Soft Biometric Traits for Personal Recognition Systems

  • Anil K. Jain
  • Sarat C. Dass
  • Karthik Nandakumar
Part of the Lecture Notes in Computer Science book series (LNCS, volume 3072)


Many existing biometric systems collect ancillary information like gender, age, height, and eye color from the users during enrollment. However, only the primary biometric identifier (fingerprint, face, hand-geometry, etc.) is used for recognition and the ancillary information is rarely utilized. We propose the utilization of “soft” biometric traits like gender, height, weight, age, and ethnicity to complement the identity information provided by the primary biometric identifiers. Although soft biometric characteristics lack the distinctiveness and permanence to identify an individual uniquely and reliably, they provide some evidence about the user identity that could be beneficial. This paper presents a framework for integrating the ancillary information with the output of a primary biometric system. Experiments conducted on a database of 263 users show that the recognition performance of a fingerprint system can be improved significantly (≈ 5%) by using additional user information like gender, ethnicity, and height.


Recognition Performance Test User Biometric System False Acceptance Rate Ancillary Information 
These keywords were added by machine and not by the authors. This process is experimental and the keywords may be updated as the learning algorithm improves.


Unable to display preview. Download preview PDF.

Unable to display preview. Download preview PDF.


  1. 1.
    Jain, A.K., Bolle, R., Pankanti, S. (eds.): Biometrics: Personal Identification in Networked Security. Kluwer Academic Publishers, Dordrecht (1999)Google Scholar
  2. 2.
    Hong, L., Jain, A.K., Pankanti, S.: Can Multibiometrics Improve Performance? In: Proceedings of IEEE Workshop on Automatic Identification Advanced Technologies, New Jersey, U. S.A, pp. 59–64 (1999)Google Scholar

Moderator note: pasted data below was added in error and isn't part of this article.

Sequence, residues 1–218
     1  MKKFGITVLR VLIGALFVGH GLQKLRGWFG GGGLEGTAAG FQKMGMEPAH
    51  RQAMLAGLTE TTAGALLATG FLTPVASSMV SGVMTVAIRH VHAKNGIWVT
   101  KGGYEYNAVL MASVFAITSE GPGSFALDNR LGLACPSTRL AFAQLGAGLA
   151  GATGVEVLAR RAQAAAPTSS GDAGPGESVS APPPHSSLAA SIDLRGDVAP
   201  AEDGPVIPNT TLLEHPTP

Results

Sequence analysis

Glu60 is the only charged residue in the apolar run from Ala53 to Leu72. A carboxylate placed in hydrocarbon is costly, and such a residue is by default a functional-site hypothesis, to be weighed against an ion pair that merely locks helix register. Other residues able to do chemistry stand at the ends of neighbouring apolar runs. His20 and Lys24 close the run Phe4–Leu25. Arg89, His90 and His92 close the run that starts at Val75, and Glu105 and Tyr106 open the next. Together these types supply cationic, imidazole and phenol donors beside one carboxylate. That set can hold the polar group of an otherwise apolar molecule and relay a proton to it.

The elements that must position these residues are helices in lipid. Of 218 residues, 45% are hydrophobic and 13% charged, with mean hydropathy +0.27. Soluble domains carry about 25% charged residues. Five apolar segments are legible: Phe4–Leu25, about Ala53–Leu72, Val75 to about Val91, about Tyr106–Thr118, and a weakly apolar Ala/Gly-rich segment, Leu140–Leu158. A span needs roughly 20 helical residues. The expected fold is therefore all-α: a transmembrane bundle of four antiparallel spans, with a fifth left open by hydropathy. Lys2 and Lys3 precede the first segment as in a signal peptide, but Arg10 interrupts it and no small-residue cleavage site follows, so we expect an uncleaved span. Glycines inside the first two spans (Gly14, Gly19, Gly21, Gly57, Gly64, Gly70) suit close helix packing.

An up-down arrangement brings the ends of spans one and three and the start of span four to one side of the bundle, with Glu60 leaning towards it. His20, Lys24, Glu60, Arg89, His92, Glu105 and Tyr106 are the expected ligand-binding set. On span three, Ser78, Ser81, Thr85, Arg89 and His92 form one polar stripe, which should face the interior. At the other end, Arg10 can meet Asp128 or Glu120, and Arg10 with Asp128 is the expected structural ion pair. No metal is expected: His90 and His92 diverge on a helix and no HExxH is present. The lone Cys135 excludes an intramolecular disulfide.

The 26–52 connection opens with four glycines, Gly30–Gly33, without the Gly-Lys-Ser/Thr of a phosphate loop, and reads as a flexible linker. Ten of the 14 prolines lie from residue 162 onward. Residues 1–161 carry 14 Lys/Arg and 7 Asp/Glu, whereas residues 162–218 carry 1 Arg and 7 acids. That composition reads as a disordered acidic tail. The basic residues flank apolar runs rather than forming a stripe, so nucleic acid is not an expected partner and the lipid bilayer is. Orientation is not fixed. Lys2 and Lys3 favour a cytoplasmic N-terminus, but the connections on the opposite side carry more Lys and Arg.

3. 3.
    Bertillon, A.: Signaletic Instructions including the theory and practice of Anthropometrical Identification, R.W. McClaughry Translation. The Werner Company (1896)Google Scholar
  4. 4.
    Heckathorn, D.D., Broadhead, R.S., Sergeyev, B.: A Methodology for Reducing Respondent Duplication and Impersonation in Samples of Hidden Populations. In: Annual Meeting of the American Sociological Association, Toronto, Canada (1997)Google Scholar
  5. 5.
    Wayman, J. L.: Large-scale Civilian Biometric Systems - Issues and Feasibility. In: Proceedings of Card Tech / Secur Tech ID (1997) Google Scholar
  6. 6.
    Givens, G., Beveridge, J.R., Draper, B.A., Bolme, D.: A Statistical Assessment of Subject Factors in the PCA Recognition of Human Subjects. In: Proceedings of CVPR Workshop: Statistical Analysis in Computer Vision (2003)Google Scholar
  7. 7.
    Newham, E.: The Biometrics Report. SJB Services (1995)Google Scholar
  8. 8.
    Jain, A.K., Lu, X.: Ethnicity Identification from Face Images. In: Proceedings of SPIE International Symposium on Defense and Security: Biometric Technology for Human Identification (2004) (to appear)Google Scholar
  9. 9.
    Jain, A.K., Hong, L., Pankanti, S., Bolle, R.: An identity authentication system using fingerprints. Proceedings of the IEEE 85, 1365–1388 (1997)CrossRefGoogle Scholar
  10. 10.
    Kim, J.S., et al.: Object Extraction for Superimposition and Height Measurement. In: Proceedings of Eighth Korea-Japan Joint Workshop on Frontiers of Computer Vision (2002)Google Scholar

Copyright information

© Springer-Verlag Berlin Heidelberg 2004

Authors and Affiliations

  • Anil K. Jain
    • 1
  • Sarat C. Dass
    • 2
  • Karthik Nandakumar
    • 1
  1. 1.Department of Computer Science and EngineeringMichigan State UniversityUSA
  2. 2.Department of Statistics and ProbabilityMichigan State UniversityUSA

Personalised recommendations